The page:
[At this point, addressing himself to one of those present who was called Yaakov, the Rebbe remarked: “And Yaakov set out on his way!”]

5. Aim at Having 499 Pupils

[The Rebbe asked one of the chassidim present how many pupils he had, and when he was told that they numbered pei-vav (86), he responded:] The number 86 is certainly a lofty number, since it is the numerical value of the Divine Name Elokim. But it would be better still if your pupils were to equal the numerical value of the Divine Name Tzva-os, for even though the Name Elokim signifies a higher level of Divinity,19 the numerical equivalent of the Name Tzva-os is far greater (499).

And on Simchas Torah there's no need to be worried about conceit [on account of having such a large number of pupils]. Conceit, of course, is always out of place; the point is that on Simchas Torah one doesn’t have to worry about experiencing conceit.

6. No Souls Left

[The Rebbe then gave mashke to a number of the bachurim who were studying at the yeshivah, gave them his blessing that they should each find a suitable marriage partner, and added:] Finding a proper shidduch is closely connected with our constant theme - the preparations that are needed for the coming of Mashiach. For the Sages teach,20 “The scion of David [i.e., Mashiach] will not come until there are no souls left in Guf” (this being the name of the storehouse of souls21). And the path to this is setting up a Jewish family with a suitable marriage partner.

7. The Father Empowers the Son

[The Rebbe next gave mashke to all the students of the yeshivah and said:] Commenting on the verse,22 Veshinantam levanecha - “You shall teach them diligently to your sons,” the Sifri says:23 “This refers to one’s disciples…, for disciples are [sometimes] called ‘sons.’” The wording in the Gemara is different:24 “When one teaches Torah to his friend’s son…, it is as if he were his father.” The Sifri, however, writes: “Disciples are called sons.”25

Now, as the Sages say,26 יפה כח הבן מכח האב - “The strength of the son is greater than the strength of the father.” [Since mikoach, here translated “than the strength” could equally mean “from the strength,”] one of the interpretations of this statement27 is that the very fact of the son’s superior strength derives from the father’s strength, by virtue of the bond between them.

And in our context: The strength of disciples (“the strength of the son is greater”) to fulfill the great mission that has been placed upon them derives from “the strength of the father,” by virtue of their hiskashrus with the Rebbe.

8. The Oil of Children’s Lamps Shatters the Yoke of Exile

The Gemara28 states that “G‑d desired to make Chizkiyah (King Hezekiah) Mashiach, and Sancheriv (Sennacherib) - Gog and Magog.”29 This means that as far as Chizkiyah was concerned Mashiach could then have been revealed, and the spark of Mashiach shone within him (except that for a certain reason this did not actualize).30

In the continuation of its discussion the Gemara31 tells of what Chizkiyah did to undo the undesirable effects of Sancheriv. Quoting the verse,32 חובל עול מפני שמן - “and the yoke shall be destroyed because of the oil,” the Gemara expounds it as follows: “The yoke of Sancheriv shall be destroyed because of the oil of [the lamps placed by] Chizkiyah, which used to burn and light up the Houses of Prayer and the Houses of Study…. They checked from Dan [in the north] to Beer-Sheva [in the south] and did not find an ignoramus; they checked [all the way] from Gevas to Antifras and did not find a boy or a girl, a man or a woman, who had not mastered the laws governing impurity and purity.”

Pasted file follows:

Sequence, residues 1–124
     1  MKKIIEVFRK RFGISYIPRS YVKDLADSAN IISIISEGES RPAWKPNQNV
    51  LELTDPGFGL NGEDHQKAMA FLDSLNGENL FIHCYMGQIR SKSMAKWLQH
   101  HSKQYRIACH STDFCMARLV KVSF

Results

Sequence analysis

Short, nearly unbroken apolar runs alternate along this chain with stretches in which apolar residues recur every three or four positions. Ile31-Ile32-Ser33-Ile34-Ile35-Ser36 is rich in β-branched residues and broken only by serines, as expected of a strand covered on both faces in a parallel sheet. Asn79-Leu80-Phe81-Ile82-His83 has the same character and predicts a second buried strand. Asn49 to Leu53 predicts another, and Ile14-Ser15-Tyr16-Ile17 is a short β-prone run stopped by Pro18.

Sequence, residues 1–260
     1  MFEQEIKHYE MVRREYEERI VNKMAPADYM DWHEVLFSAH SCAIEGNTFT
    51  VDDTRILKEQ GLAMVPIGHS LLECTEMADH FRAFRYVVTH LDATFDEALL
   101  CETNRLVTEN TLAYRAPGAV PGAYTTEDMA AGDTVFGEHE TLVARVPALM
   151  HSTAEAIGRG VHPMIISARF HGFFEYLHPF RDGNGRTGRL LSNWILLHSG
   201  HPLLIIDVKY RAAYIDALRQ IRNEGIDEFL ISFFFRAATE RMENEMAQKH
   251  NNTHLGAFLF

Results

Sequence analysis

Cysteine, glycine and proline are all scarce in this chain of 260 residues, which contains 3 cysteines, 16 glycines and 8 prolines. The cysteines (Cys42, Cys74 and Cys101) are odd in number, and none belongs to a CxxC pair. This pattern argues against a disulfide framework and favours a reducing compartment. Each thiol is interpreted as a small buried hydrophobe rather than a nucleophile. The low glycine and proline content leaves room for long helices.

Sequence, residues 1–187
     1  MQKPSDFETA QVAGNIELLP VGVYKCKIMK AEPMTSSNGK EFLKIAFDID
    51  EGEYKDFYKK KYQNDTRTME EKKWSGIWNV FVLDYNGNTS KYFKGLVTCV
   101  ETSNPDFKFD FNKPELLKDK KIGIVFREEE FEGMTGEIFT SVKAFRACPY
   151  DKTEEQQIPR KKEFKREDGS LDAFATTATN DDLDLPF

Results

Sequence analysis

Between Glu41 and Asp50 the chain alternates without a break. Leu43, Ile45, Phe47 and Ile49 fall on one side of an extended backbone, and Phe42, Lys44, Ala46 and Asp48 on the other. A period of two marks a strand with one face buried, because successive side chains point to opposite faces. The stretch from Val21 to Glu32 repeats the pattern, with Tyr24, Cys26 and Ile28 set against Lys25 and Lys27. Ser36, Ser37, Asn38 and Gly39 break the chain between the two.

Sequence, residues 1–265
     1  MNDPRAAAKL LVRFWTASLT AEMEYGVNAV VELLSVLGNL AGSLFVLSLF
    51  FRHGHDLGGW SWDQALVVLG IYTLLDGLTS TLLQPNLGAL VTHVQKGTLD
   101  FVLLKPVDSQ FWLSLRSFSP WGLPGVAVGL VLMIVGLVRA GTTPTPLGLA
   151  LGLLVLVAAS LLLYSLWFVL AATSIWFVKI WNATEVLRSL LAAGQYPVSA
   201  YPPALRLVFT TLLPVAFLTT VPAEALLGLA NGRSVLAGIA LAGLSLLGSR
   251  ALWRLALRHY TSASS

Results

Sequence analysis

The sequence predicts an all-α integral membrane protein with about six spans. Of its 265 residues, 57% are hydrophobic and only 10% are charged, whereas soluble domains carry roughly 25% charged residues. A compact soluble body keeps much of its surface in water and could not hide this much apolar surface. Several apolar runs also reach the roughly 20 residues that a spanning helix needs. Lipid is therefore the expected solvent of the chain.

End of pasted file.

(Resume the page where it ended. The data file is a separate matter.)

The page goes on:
What does this mean? The revelation of Mashiach (“to make Chizkiyah Mashiach”) is bound up with propagating the study of Torah by children, in the Houses of Prayer and the Houses of Study. They should be enabled to appreciate that the study of Torah is something that transcends mortal understanding. This is why the laws cited were specifically those concerning impurity and purity, because, as Rambam writes,33 “It is clear and manifest that matters of impurity and purity are decrees ordained by Scripture; they are not among those things that mortal understanding determines.”

Similarly with the Chizkiyah of our generation, my revered father-in-law, the Rebbe [Rayatz]. Even when other leading scholars held that in certain matters concessions had to be made, he remained undaunted, and devoted himself to enabling children to study Torah, and teaching them that the Torah transcends mortal reason.

For this reason, as far as he was concerned Mashiach could then have been revealed, and the spark of Mashiach shone within him.

And when his disciples actualize his intentions, this will prepare the way for him to lead us towards the true and complete Redemption, speedily, and in our days, Amen.

9. As Far as the Furthest Day

[Resuming the above theme (sec. 3), that “hiskashrus with Yosef” calls down Heaven’s blessings in all matters, the Rebbe proceeded to closely examine every verse in Yosef’s blessing. He then said:] It is written,34 “And G‑d showed [Moshe]… as far as the furthest sea.” On this phrase, [reading yom (‘day’) for yam (‘sea’), hence: ‘as far as the furthest day,’] the Sages teach:35 “The Holy One, blessed be He, showed him all the occurrences that Israel would encounter until the Resurrection of the Dead.”36

10. Each in His Own Pattern

[Following the Grace After Meals the Rebbe said:] May you all have a good and healthy and happy winter, and may we hear only good news. May every one of you, each in his own pattern, succeed in your own affairs - the students who dwell in the tents [of Torah]37 in their affairs and the businesspeople in theirs. Above all, may the Rebbe lead us to greet the righteous Mashiach - to Eretz Yisrael, to the true and complete Redemption.

[After Maariv the Rebbe said:] May G‑d grant everyone blessings for success in his avodah of “Yaakov set[ting] out on his way.”